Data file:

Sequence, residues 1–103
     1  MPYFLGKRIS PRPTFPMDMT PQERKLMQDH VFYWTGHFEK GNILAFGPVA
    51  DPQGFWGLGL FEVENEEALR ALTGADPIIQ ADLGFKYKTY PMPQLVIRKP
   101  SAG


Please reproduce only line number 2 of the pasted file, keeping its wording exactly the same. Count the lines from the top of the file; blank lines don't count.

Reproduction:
     1  MPYFLGKRIS PRPTFPMDMT PQERKLMQDH VFYWTGHFEK GNILAFGPVA